P6: Long-term memory can hold recollections of personal experiences as well as factual knowledge acquired through other means such as reading. Ii also holds skills such as knowing how to ride a bicycle. In its ability to learn and remember, the brain can distinguish between facts and skills. When you acquire factual knowledge by memorizing dates, word definitions, formulas, and other information, you can consciously retrieve this fact memory from the data bank of your long-term memory. In contrast, skill memory usually involves motor activities that you learn by repetition without consciously remembering specific information. You perform learned motor skills, such as walking or riding a bicycle, without consciously recalling the individual steps required to do these tasks.

Directions: Mark your answer by filling in the oval next to your choice.

1. According to the passage, what must happen before information can be stored in memory?

(A) The information must be pleasant.

(B) An object or idea must be perceived.

(C) An older memory must be replaced.

(D) The information must be looked up.

2. The passage states that one difference between short-term memory and long-term memory is

(A) the type of information they store

(B) their importance in learning

(C) the amount of information they hold

(D) their location in the brain

3. The phrase attend to in paragraph 2 is closest in meaning to

(A) reject

(B) focus on

(C) talk about

(D) wait for

4. It can be inferred from paragraph 2 that something is NOT likely to be remembered if it is

Memory relies on the ability to process information. Information processing begins with the environmental stimuli that you see, hear, smell, taste, and feel. These experiences are initially recorded in the brain’s sensory register, which holds information just long enough (one to three seconds) for you to decide whether to process it further. Information that you do not selectively attend to will disappear from the system. However, if you recognize and attend to the information as meaningful or relevant, it is sent to short-term memory. Shortterm memory can hold approximately seven unrelated bits of information at a time.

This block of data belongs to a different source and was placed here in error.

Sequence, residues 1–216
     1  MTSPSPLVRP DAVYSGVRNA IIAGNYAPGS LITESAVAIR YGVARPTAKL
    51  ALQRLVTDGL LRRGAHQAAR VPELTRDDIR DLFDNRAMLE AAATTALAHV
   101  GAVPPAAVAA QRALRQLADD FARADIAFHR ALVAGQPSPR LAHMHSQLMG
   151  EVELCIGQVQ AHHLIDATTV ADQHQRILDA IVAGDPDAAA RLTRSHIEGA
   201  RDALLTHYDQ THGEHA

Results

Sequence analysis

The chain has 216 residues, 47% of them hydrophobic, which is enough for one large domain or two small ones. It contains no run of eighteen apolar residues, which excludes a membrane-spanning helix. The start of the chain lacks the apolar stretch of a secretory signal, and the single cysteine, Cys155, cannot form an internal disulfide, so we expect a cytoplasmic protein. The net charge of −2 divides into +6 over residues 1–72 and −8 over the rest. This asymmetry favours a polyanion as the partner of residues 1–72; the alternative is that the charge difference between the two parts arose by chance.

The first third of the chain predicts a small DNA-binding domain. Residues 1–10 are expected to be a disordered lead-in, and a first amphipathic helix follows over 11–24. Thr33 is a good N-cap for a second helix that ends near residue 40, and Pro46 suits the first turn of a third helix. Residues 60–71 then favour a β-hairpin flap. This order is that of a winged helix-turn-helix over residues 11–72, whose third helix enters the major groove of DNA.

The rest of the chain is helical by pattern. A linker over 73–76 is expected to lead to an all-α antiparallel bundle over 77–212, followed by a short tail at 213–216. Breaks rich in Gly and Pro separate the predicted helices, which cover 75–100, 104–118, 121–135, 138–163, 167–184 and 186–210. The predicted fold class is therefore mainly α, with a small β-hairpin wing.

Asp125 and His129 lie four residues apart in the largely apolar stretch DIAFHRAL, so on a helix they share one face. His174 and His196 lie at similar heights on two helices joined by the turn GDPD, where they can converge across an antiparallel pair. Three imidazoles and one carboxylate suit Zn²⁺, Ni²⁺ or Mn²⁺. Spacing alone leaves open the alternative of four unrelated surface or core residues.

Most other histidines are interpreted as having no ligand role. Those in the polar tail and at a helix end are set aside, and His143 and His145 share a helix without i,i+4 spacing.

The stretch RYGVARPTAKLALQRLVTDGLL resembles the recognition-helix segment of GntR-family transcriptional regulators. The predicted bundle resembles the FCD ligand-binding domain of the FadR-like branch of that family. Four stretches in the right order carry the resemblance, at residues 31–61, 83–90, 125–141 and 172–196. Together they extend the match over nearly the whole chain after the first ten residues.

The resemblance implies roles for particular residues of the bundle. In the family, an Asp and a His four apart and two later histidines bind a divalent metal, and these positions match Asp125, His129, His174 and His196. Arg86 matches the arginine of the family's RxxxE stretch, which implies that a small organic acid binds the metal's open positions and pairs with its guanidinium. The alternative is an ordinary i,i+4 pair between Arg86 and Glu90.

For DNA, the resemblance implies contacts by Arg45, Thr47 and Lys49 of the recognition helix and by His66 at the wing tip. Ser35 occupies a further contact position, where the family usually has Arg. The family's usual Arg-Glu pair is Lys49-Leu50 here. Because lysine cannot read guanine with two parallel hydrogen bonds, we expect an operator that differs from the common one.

(A) not considered important

(B) painful or embarrassing

(C) related to previous experience

(D) sent to short-term memory
5. The passage states that information can be lost from short-term memory when a person

(A) does not know how to read

(B) repeats the information over and over

(C) processes the information further

(D) is distracted for 20 seconds
6. The phrase make it to in paragraph 3 is closest in meaning to

(A) escape

(B)lessen

(C) deteriorate

(D) burn

7. Which sentence below best expresses the essential information in the highlighted sentence in paragraph 4? Incorrect choices change the meaning in important ways or leave out essential information.

Several control processes enable the transfer of information from short-term to long-term memory. One such process is rehearsal, or “practice makes perfect.” Rehearsal is when you repeat something to yourself over and over. The purpose behind such behavior is usually to memorize information for later use, although sometimes it is simply to hold information in short-term memory for immediate use. For example, you may rehearse a telephone number by saying it aloud so you can redial it after getting a busy signal without having to look it up again in the phone book. Another process that enables the transfer of information to long-term memory is the association of new data with data previously learned and stored in long-term memory. Thus, it is easier to learn a new card game if you already have “card sense” from playing other games.

(A) Usually information is rehearsed so it can be used later, but sometimes it is rehearsed so it can be used right away.

(B) There are several reasons for memorizing information; the most common reason is to improve short-term memory.